Originally published in Issue 2 - Feb 12, 1997

Federal Budget: NYC Impact

President Clinton's $1.7 trillion 1998 federal budget proposal would increase spending for several major programs benefitting New York City, according to a preliminary IBO analysis.

Approximately 13 percent of the City's budget - over $4 billion per year - is comprised of federal grants. State and community programs are also supported by millions of dollars in additional federal funds. The effects of federal assistance are particularly marked in social services, education, housing, and health.

The IBO will monitor the federal budget as it progresses through Congress and report periodically on its City impact. Estimated funding levels for major City programs are as follows. (Numbers are the estimated City allocations of proposed federal FY 1998 funds as compared to current year appropriations.)

ProgramFY 98 RequestIncrease (+) or Decrease (-) from FY 97Program Description
Head Start$138 million+ $11 millionProvides educational, nutritional, and social services to pre-school children in low-income areas.
Ryan White
AIDS Funds
$98 million+ $1 millionProvides direct funding for cities to provide HIV/TB housing as well as health care and supportive services to people living with HIV/AIDS.
Home Energy
Assistance Program
$21 million+ $1 millionProvides heating subsidies to poor New Yorkers, primarily low-income elderly persons and families with young children.
School ConstructionNew Programn/aProposal for a one-time nationwide $5 billion appropriation to help localities pay interest costs associated with school construction and renovation.
Title 1$445 million+ $21 millionProvides funds for improving the teaching and learning of children in high-poverty schools; schools determine how resources will be spent.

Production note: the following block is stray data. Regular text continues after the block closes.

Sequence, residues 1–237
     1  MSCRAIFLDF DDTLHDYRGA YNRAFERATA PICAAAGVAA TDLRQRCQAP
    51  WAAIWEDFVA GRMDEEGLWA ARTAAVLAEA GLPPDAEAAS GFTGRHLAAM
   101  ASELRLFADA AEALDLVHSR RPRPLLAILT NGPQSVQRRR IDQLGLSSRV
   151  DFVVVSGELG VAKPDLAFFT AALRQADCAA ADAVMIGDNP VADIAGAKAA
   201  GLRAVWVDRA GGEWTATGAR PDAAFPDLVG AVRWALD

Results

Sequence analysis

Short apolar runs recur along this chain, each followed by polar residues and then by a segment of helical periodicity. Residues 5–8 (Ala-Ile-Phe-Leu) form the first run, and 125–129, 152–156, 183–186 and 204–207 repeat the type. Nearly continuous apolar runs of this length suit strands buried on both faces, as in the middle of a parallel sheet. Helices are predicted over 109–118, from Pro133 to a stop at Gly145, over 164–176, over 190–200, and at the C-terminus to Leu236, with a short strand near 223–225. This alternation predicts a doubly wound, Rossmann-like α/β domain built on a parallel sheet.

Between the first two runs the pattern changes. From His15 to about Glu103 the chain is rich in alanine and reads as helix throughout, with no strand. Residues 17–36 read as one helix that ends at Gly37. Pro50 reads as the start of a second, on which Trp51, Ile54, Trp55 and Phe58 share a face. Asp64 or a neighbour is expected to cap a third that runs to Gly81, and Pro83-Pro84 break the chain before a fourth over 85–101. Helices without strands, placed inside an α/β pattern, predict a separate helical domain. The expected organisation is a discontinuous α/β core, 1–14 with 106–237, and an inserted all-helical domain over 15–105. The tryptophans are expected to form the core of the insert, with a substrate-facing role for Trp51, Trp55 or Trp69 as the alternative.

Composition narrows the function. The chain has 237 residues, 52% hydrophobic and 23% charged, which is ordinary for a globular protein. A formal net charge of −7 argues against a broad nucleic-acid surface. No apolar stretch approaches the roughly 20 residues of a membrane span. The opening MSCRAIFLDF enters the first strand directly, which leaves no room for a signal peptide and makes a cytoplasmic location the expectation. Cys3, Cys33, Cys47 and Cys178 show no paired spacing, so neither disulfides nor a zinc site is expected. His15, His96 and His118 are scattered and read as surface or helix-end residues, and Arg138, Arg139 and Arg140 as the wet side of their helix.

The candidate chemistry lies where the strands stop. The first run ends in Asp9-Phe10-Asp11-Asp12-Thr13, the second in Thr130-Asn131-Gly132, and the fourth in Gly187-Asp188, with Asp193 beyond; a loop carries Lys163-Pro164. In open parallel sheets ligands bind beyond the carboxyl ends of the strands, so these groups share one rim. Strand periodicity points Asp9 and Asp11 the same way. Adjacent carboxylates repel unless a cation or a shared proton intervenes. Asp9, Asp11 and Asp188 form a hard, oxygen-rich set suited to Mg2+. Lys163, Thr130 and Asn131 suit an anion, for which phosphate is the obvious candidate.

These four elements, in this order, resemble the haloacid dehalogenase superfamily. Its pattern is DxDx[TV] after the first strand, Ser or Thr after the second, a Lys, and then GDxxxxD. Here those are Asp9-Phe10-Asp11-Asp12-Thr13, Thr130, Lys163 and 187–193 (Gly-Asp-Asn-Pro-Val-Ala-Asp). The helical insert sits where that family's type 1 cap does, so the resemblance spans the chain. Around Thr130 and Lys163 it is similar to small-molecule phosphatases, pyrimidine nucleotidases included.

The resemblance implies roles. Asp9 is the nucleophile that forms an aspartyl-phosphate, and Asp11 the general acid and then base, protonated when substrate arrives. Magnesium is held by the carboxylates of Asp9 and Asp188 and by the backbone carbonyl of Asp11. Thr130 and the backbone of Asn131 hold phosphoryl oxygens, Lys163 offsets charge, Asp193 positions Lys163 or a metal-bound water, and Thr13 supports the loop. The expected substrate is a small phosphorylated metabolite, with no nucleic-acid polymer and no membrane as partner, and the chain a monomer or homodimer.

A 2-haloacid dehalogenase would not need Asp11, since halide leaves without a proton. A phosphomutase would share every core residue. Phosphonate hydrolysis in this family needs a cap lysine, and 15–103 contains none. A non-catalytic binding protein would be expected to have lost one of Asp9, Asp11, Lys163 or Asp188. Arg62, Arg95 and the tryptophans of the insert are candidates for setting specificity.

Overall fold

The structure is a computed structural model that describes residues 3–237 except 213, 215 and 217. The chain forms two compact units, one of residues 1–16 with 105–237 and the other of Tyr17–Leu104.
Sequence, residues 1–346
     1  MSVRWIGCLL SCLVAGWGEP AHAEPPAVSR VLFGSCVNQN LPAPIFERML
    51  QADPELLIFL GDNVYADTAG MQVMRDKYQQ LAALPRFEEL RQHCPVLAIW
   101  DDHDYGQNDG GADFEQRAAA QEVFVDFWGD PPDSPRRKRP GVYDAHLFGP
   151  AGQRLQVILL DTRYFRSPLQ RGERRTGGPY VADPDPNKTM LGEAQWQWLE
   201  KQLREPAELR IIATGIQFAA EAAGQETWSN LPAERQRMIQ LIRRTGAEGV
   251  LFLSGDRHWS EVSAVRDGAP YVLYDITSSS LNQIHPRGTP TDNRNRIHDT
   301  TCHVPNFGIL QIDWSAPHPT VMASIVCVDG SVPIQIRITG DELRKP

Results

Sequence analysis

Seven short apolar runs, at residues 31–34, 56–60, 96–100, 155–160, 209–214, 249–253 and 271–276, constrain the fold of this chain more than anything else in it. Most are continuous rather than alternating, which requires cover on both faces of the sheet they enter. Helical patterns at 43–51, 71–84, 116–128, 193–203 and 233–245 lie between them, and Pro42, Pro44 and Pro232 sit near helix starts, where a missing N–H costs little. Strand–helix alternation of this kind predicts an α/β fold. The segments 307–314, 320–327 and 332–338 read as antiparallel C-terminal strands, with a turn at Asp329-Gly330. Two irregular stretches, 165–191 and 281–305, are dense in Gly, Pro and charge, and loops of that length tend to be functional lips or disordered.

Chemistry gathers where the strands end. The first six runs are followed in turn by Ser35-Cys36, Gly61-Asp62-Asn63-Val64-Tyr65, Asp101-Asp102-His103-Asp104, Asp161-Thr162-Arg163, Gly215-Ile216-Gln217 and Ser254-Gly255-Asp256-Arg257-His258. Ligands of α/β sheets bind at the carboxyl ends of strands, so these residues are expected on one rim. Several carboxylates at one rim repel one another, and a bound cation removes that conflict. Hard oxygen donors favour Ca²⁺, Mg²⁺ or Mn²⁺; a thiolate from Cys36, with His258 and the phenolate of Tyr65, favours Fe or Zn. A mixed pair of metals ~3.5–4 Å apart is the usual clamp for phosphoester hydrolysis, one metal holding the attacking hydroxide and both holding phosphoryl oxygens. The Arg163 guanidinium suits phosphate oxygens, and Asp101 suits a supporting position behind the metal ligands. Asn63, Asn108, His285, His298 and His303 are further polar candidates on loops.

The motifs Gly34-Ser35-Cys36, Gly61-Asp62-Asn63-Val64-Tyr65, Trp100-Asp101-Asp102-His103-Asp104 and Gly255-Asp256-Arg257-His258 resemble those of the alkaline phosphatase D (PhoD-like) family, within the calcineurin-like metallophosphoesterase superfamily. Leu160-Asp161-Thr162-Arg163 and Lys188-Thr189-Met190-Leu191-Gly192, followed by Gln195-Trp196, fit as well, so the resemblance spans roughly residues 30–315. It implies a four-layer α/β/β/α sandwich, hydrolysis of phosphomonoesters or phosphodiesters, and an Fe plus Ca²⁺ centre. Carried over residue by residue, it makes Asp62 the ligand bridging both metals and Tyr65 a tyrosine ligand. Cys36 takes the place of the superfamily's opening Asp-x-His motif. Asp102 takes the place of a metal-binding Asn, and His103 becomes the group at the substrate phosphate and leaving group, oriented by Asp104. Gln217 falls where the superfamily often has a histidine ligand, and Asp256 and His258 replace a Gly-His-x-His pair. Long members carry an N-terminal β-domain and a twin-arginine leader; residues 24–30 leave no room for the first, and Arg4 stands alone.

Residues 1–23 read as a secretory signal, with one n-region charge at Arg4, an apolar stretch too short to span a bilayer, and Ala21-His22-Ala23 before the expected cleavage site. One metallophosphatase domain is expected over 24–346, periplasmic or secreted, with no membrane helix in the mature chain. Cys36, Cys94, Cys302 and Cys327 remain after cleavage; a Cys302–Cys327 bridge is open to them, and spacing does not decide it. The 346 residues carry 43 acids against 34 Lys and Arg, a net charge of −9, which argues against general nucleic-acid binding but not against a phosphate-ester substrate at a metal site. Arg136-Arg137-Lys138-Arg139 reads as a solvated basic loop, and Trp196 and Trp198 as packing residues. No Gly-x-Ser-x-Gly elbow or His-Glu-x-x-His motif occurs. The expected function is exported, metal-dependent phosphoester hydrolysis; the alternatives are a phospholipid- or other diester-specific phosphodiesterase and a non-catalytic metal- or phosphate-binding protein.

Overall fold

Bilingual and Immigrant Education$32 million+ $6 millionFunds school districts to assist children with limited English proficiency to learn English and meet educational standards and offers aid to districts with increasing immigrant enrollments.
Community Development Block Grant$229 millionno changeBenefits low and moderate income persons, prevents or eliminates slums and blight, and meets urgent needs; 75 percent of City CDBG funds are targeted to housing and homelessness.
HOME Investment Partnership Program$86 million- $3 millionLeverages private financing for creating and rehabilitating low and moderate income housing.
Housing Opportunities for Persons with AIDS(HOPWA)$44 million+ $2 millionProvides resources and incentives to devise long-term comprehensive strategies for meeting the housing needs of persons with AIDS and their families.
Public Housing Operating Funds$536 million+ $15 millionUsed for the operating costs of public housing.
Public Housing Modernization$350 million- $5 millionUsed for capital maintenance of public housing units.